If May was gray for President Obama, June has been doom and gloom. After the slew of bad mojo last week, White House press secretary Jay Carney was thrown to the media dingos to answer some uncomfortable questions during Monday’s briefing…
The AP asked about the president’s unfortunate private-sector-is-fine remark. The Reuters correspondent asked about the economic "head winds" from Europe. Ed Henry of Fox News Channel asked about the looming contempt-of-Congress vote against Attorney General Eric Holder. Margaret Talev of Bloomberg News asked about the Supreme Court striking down Obamacare. Norah O'Donnell of CBS News asked about calls for a special prosecutor to probe leaks. Victoria Jones of Talk Radio News asked about the stalled talks with Pakistan.
Carney sought relief by calling on TV correspondents from swing states, but the one from Wisconsin asked about the failed attempt to recall Republican Gov. Scott Walker and the one from Nevada asked about her state’s unemployment rate, the nation’s highest.
Talk then headed back to commerce secretary John Bryson's hit-and-run felony citation, the only remotely feel-good story of the week. It turns out a medical condition and not "going Lohan" was to blame for Bryson's erratic driving.
That was a close call, but maybe it's time for President Obama to put an ankle monitor on all his cabinet members. Keep everyone on lock down until November. Nobody wants to see a picture of David Axelrod climbing into his car after a night of clubbing with his thong showing. Also, no more Fast and Furious for Eric Holder.
And, for God's sake, nobody let the economy take the Porsche out for a spin.
Photo by Olivier Douliery-Pool/Getty Images News/Getty Images
Tags: Barack Obama, Department of Justice, Economy, Eric Holder, Foreign Policy, Health Care, House of Representatives, John Bryson, Nevada, Pakistan, Recall, Scott Walker, Supreme Court, Unemployment, Wisconsin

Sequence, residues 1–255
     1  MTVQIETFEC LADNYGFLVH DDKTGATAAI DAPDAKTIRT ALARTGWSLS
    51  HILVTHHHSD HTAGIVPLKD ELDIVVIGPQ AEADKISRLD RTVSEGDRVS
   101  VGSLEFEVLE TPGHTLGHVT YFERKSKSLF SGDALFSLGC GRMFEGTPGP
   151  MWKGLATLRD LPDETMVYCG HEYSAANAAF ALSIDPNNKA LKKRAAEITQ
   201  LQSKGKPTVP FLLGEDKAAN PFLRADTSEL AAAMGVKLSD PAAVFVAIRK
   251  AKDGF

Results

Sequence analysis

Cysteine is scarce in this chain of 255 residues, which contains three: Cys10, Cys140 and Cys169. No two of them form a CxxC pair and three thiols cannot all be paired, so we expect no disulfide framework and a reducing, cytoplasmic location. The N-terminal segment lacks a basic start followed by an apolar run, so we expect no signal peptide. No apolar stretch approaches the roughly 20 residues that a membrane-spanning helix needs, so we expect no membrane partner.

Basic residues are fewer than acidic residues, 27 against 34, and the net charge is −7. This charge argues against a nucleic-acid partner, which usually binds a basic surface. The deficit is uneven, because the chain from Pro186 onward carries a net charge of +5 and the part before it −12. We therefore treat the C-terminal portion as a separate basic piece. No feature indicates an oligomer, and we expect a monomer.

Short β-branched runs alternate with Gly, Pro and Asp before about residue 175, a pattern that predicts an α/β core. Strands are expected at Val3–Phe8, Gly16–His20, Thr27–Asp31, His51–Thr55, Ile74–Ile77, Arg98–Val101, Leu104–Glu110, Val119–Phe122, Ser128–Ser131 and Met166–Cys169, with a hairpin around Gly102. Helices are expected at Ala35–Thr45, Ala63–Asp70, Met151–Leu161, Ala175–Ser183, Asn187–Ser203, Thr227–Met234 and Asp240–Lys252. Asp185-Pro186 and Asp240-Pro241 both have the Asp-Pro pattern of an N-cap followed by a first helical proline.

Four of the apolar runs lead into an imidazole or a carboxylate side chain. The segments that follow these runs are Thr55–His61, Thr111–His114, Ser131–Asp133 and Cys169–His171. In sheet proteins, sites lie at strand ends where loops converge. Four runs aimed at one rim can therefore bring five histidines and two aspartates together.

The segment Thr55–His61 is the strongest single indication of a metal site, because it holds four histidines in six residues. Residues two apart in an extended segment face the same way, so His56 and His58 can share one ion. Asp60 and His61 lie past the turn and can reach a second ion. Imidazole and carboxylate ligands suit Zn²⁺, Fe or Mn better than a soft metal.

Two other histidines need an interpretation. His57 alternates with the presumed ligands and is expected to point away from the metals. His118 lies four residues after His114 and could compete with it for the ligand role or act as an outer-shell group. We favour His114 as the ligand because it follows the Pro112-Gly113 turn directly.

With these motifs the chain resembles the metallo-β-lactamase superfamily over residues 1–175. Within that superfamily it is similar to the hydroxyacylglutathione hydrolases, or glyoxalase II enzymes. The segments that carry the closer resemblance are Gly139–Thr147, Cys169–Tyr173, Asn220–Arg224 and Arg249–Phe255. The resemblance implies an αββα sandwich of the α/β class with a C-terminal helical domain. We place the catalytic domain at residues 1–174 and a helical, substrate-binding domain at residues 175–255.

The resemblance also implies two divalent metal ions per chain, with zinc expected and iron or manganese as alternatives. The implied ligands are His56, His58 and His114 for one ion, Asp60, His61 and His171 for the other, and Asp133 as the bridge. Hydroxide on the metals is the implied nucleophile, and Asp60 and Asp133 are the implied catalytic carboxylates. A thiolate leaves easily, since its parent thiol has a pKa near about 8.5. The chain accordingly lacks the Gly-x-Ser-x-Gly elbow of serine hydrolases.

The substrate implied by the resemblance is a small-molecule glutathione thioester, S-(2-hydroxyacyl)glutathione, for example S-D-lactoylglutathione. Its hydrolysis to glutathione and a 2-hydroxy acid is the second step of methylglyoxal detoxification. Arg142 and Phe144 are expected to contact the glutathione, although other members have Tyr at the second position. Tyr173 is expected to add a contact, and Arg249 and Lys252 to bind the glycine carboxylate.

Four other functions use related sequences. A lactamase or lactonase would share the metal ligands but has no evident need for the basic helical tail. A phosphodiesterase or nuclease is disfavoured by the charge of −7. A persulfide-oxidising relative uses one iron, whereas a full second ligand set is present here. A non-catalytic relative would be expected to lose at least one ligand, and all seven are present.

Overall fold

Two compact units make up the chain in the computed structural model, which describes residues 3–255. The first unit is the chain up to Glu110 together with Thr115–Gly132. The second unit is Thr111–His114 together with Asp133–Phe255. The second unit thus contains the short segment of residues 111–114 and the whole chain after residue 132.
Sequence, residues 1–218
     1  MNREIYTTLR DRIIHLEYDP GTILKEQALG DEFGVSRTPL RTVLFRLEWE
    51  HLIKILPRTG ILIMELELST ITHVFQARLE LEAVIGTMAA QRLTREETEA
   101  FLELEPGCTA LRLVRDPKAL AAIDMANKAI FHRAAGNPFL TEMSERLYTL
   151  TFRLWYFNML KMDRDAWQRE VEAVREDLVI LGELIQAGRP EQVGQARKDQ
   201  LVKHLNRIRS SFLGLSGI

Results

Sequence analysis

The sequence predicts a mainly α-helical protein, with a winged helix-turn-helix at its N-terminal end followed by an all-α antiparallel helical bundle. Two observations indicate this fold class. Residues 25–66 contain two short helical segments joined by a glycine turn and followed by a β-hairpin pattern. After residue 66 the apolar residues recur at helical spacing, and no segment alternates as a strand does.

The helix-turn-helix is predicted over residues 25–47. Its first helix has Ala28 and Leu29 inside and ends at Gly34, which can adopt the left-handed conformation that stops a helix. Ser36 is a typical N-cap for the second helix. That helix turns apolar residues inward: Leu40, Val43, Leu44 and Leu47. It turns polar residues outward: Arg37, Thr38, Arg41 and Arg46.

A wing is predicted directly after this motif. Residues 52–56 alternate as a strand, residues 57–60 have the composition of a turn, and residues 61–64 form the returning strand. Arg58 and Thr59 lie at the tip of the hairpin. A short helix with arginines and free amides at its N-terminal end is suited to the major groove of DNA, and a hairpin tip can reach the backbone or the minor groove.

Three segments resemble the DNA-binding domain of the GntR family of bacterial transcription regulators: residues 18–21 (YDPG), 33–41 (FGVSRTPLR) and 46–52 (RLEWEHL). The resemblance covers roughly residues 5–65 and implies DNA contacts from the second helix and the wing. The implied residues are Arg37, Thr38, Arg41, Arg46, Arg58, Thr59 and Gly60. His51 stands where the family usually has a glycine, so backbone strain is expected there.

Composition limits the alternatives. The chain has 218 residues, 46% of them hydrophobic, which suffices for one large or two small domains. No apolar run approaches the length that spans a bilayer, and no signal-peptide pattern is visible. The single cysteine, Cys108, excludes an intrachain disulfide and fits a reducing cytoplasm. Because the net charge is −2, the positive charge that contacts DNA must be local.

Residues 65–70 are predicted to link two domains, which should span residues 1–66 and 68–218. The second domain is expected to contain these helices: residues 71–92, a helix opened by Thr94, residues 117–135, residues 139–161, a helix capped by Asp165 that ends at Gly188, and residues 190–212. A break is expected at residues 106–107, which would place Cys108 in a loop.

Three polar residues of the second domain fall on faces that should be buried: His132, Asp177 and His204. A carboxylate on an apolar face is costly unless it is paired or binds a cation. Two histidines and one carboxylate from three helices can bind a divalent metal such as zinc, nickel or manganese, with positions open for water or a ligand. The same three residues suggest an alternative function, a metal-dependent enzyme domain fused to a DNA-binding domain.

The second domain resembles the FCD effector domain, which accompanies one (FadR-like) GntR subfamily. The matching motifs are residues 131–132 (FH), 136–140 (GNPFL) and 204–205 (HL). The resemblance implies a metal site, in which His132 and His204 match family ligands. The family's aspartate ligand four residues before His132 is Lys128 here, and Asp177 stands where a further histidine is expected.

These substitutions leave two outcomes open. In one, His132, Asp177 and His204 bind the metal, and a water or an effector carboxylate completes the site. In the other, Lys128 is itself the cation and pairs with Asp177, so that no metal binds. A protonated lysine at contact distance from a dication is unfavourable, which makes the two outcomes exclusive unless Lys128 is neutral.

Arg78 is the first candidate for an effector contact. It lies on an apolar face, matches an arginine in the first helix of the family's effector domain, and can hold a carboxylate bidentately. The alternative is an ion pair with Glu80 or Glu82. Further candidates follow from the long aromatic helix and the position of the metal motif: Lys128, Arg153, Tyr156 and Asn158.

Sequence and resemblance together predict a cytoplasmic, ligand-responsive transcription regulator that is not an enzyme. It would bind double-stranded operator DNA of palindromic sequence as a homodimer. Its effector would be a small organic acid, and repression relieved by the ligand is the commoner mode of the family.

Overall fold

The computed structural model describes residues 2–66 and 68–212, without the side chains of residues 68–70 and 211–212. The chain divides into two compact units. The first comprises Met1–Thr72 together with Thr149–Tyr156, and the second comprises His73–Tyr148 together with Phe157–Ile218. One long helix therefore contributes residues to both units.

This Sunday morning at 10:30 am / 9:30 c, Wisconsin Gov. Scott Walker — the died-and -risen new savior of the Republican Party — will be the guest on CBS' Face the Nation, and we'll be covering it in real time as part of our weekly Peanut Gallery liveblog series on the Indecision Election Companion App for iPhone and iPad.
We can't say exactly how things will go down with him and Bob Schieffer, be we have a few strong guesses…
* Scott Walker will be characteristically humble and self-effacing.
* Somebody or other will float the idea that maybe Obama might just lose in November.
* The camera will pan over to a cute little frog which will somehow find its way into the studio.
* Bob Schieffer will look helplessly toward his producers as Walker spends an awkward seven minutes staring directly into the TV camera and mouth the words, "Yes, my twin masters Koch… I shall do your bidding" before screaming violently for an additional three minutes.
* They might get around to talking about this past week's recall election in Wisconsin. If time permits.
Photo by Scott Olson/Getty Images News/Getty Images
Tags: CBS, Liveblog, Recall, Scott Walker, Wisconsin
Sarah Palin on what last night's Wisconsin results mean for Barack Obama's chances in November…
"I think that the Democrats there understand that the president's no-show represents the fact that Obama's goose is cooked."